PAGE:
“The executive producer, Ken Hecht, had carte blanche,” explained Davidson. “The material was wack. I had a great cast, but it was more of a dictatorship style of TV: ‘Just do what I say.'” It was a hard pill to swallow for the talented Davidson, who, within industry circles had become one of the hottest prospects out there, and a clear contender to Eddie Murphy’s throne as box office king; a notion that led some behind-the-scenes personnel to speculate that Murphy—despite having an office ten minutes away from the stage, according to Davidson—neglected the series, possibly out of professional spite. Indeed, Davidson reveals that, at the time, he was circling an offer—by CBS, no less—to co-star alongside Candice Bergen on the gestating sitcom that would become Murphy Brown, and even had a three-year holding deal with Disney to, as he put it, “do anything I wanted.” Yet, to his peril, he ended up choosing Coming to America amidst a candidate pool that consisted of a teen-aged Marlon Wayans and, interestingly, eventual Coming 2 America co-star Wesley Snipes.
Consequently, with Murphy—who was a credited executive producer—having purportedly left the small screen Coming to America in the lurch, Davidson lacked an advocate powerful enough when butting heads with Hecht, which allegedly created much of the behind-the-scenes friction that resulted in an array of uninspiring comedy and inauthentic African cultural tropes. Yet, Davidson wasn’t alone on that front. As Clint Smith (Vice President of Eddie Murphy Television) also divulged, “Oh, me and Ken bumped heads all the fucking time. I thought he was an asshole. His script was horrible. We were like, ‘That shit ain’t funny!’ But he had some credits. The studio wanted him and me and my partner were rookies. Tommy almost saved it.”
The Coming to America pilot would be rife with the low-hanging-fruit of artificial-sounding contemporaneous pop culture references—notably with one scene in which Tariq looks through a copy of Donald Trump’s “The Art of the Deal” for advice to make quick cash in real estate—and relied on Davidson frequently delving into his bag of standup impressions, notably Stevie Wonder and Michael Jackson, both of whom—perhaps by no coincidence—Murphy had famously done on SNL. Thus, despite an admirable effort, the pilot practically fell apart in front of the viewers. Moreover, it seems that even the casting of Davidson left the project snake-bit from the start, since producers had their hearts set on another candidate. “Tommy Davidson was pretty good, but we wanted Marlon Wayans,” explains Smith. “Marlon did a really great audition. He was a kid, but he killed it. He was a natural. But he already had commitments.”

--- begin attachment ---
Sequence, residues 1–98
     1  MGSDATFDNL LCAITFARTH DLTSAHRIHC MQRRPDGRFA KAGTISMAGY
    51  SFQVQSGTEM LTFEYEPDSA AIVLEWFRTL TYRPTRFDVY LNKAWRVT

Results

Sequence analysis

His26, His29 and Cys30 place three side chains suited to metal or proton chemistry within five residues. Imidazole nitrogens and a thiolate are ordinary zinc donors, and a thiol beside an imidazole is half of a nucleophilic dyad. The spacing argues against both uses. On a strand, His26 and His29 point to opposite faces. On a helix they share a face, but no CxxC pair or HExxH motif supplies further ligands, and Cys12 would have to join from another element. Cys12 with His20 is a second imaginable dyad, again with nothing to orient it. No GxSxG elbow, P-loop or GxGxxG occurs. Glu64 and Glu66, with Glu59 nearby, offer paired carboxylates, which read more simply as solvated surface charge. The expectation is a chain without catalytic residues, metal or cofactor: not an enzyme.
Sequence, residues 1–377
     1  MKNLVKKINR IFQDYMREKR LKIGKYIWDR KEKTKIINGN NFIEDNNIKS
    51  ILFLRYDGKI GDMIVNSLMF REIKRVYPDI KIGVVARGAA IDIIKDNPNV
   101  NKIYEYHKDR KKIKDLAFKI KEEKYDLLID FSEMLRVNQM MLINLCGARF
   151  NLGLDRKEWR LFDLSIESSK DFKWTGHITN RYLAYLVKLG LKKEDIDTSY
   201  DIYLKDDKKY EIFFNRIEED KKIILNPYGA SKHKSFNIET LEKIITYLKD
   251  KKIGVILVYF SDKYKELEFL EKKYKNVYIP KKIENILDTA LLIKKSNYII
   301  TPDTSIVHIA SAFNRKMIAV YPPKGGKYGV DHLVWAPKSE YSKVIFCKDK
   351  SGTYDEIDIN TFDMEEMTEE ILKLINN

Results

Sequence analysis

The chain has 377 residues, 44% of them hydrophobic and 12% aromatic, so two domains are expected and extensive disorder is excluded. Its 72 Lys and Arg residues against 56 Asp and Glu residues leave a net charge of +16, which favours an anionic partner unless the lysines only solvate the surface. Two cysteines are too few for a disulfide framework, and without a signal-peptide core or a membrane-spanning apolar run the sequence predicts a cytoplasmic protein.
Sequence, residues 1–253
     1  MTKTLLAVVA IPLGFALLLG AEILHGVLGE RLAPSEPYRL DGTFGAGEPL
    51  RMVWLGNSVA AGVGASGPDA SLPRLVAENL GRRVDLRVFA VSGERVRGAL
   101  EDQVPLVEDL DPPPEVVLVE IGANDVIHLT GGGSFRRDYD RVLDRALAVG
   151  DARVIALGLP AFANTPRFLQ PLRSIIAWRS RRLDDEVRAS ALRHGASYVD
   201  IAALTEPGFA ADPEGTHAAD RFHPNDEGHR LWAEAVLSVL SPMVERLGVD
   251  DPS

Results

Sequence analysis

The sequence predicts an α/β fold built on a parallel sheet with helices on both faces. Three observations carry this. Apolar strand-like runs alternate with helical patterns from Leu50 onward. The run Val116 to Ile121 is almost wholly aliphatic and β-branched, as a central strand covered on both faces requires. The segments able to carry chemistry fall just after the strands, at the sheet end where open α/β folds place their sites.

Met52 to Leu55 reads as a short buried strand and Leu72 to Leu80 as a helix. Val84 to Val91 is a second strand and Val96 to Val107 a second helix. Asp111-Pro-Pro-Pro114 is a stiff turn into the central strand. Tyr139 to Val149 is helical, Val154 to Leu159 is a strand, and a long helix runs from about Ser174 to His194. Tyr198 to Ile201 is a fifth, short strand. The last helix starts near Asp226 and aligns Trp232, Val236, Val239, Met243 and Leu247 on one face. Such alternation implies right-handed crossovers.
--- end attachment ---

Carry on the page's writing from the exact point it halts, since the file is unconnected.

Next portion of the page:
Regardless, the increasingly inauspicious project eventually overcame the tumult of its production in time to make the national airwaves on big-three network CBS one 1989 Tuesday evening… which happened to be the Fourth of July! In a move that’s hard not to perceive as an act of self-sabotage, the Eye Network branded Coming to America with its CBS Summer Playhouse anthology label, relegating its one-and-done appearance to occur during a barbecue and fireworks-filled night celebrating American independence, all but guaranteeing that it would be rendered dead on arrival ratings-wise. That, of course, is what happened. The pilot was left unsold and the notion of a Coming to America television series was quickly forgotten by the general public, barely even qualifying as fodder for trivia.
Coming 2 America, which will showcase a very different royal family dynamic than its ill-fated small screen cousin, premieres on Amazon Prime Video on March 5.